When our initial PECOTA projections were unveiled in mid-February, the Dodgers' overall chances at reaching the postseason only stood around 29 percent, with an eight-win gap separating them from the Diamondbacks. By the time the season opened, their odds were up to 57 percent (48 percent for a division title, nine percent for the wild card) thanks to the late-February addition of Orlando Hudson and the early March re-signing of Ramirez.This will be a big winter for the Dodgers, with Billingsley, Ethier, Kemp, Loney, Martin and Hong-Chih Kuo all arbitration-eligible and ready to take up a significantly larger chunk of payroll. But whether it's a spillover from the Dodgers' ownership turmoil or a firm belief in their own resources, Colletti doesn't sound inclined to try signing or trading for a true ace who could properly orient the rotation for a short series, as Joe Torre ultimately failed to do. One would think the Dodgers could consider dangling Billingsley in a deal for the Blue Jays' Roy Halladay, or throw a significant amount of money at the Angels' John Lackey, who's been one of the game's top 10 starters over the past five years according to ERA+, and who's been battle-tested in the postseason.
Those two deals, along with the early February signing of Randy Wolf, came at substantial discounts in a bad economy. This was a feather in Colletti's cap, as he was able to reduce the Opening Day payroll by about $18 million relative to 2008.
As it was, PECOTA's 93-win forecast was pretty accurate, particularly given that it nailed both the Dodgers' ranking as the league's stingiest pitching staff (they tied with the Giants for the fewest runs allowed at 3.77 per game) and fourth-highest scoring offense (4.81 runs per game). While [Chad] Billingsley didn't live up to the system's expectations due to a bad second half, Wolf put together a career year and [Clayton] Kershaw pitched well beyond his years, posting the league's lowest hit rate (6.3 H/9), second-best homer rate (0.4 HR/9) and fifth-best strikeout rate (9.7 K/9) and ERA (2.79). Jonathan Broxton led the league with 4.9 WXRL while anchoring the circuit's top bullpen.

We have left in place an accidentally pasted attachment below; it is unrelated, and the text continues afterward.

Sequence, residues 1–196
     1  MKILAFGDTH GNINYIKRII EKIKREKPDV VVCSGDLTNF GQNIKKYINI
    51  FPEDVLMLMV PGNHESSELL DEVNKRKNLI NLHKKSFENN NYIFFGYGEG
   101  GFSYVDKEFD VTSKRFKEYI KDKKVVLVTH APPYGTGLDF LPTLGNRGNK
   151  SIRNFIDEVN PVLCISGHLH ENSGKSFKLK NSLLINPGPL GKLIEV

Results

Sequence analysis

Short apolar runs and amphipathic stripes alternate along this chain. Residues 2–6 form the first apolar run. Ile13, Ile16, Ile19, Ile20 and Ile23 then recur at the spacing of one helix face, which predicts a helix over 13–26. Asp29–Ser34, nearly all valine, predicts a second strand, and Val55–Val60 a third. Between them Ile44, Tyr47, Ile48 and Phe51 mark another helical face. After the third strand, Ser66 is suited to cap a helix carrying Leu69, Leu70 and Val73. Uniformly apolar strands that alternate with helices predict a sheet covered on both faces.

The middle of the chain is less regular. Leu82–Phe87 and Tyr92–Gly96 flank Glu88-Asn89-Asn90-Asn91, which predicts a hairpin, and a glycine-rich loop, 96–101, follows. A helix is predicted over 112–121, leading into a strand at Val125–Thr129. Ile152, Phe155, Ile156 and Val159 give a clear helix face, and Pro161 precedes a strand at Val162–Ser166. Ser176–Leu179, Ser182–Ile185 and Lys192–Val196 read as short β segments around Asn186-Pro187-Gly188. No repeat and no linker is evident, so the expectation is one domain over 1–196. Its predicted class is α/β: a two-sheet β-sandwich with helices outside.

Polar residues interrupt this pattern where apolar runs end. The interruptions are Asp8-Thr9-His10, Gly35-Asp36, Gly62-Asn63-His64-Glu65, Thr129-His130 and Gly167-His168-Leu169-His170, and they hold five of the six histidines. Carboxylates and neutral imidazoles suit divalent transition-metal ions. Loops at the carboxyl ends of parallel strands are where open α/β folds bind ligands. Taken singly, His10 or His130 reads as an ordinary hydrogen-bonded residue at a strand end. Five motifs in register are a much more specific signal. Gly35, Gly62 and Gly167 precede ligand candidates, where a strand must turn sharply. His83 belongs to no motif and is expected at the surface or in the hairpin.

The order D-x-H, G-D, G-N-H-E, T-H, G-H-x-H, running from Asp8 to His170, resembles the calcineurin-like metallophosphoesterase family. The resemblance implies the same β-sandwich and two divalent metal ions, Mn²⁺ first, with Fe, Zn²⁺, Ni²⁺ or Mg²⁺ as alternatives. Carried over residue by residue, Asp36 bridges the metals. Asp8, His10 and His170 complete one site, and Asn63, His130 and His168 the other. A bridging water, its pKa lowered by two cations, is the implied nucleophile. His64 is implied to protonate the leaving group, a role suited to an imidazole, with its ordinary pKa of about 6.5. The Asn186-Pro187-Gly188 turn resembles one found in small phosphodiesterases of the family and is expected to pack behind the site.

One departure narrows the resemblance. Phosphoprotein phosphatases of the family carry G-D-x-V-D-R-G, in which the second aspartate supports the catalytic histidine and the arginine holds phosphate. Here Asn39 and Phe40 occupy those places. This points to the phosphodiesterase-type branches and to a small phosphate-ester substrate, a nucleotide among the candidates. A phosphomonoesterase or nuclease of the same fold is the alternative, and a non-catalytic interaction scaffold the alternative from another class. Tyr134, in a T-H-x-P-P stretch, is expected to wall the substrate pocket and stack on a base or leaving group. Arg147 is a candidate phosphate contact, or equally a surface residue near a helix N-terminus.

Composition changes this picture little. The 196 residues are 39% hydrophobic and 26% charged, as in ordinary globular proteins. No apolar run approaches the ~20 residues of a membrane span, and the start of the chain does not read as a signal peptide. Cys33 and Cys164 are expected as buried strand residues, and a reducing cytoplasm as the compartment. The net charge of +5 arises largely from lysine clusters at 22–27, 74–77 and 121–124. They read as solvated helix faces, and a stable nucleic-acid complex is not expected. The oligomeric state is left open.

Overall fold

As for the offense, its .273 EqA ranked second in the league. [Manny] Ramirez was projected to rank seventh in the league with a .315 EqA, and while his 50-game suspension prevented him from getting enough plate appearances to qualify for the batting title, his .327 EqA would have ranked fifth. [Andre] Ethier (.301) and [Matt] Kemp (.298) both beat their projections slightly as well while becoming the first Dodgers to top 20 homers since 2005.
Key Stat: .346 OBP
Despite playing in one of the league's top pitchers' parks, the Dodgers put up the NL's highest OBP as well as batting average (.270), enabling them to overcome a meager .412 slugging percentage (seventh in the league) and the third-lowest percentage of runs scored via homers (30.1). There simply wasn't an easy out to be had in their lineup; of their eight regulars, only leadoff man Rafael Furcal (.335) finished below .350, and even he came on strong late in the year. Though Ramirez (.418) cooled off after his suspension, he nonetheless set the tone, walking 71 times in 104 games; his 21 intentional passes ranked third in the league behind Albert Pujols and Adrian Gonzalez despite his lengthy absence. Juan Pierre (.365) filled in admirably during that 50-game stretch and elsewhere off the bench. [Casey[ Blake (.363) set a career high. Kemp (.352) and Ethier (.361) set career highs in walks as well as homers, a sign of growing respect in the eyes of opposing pitchers. Russell Martin (.352) and James Loney (.357) kept the line moving despite mysterious power outages which raised questions about their future viability.
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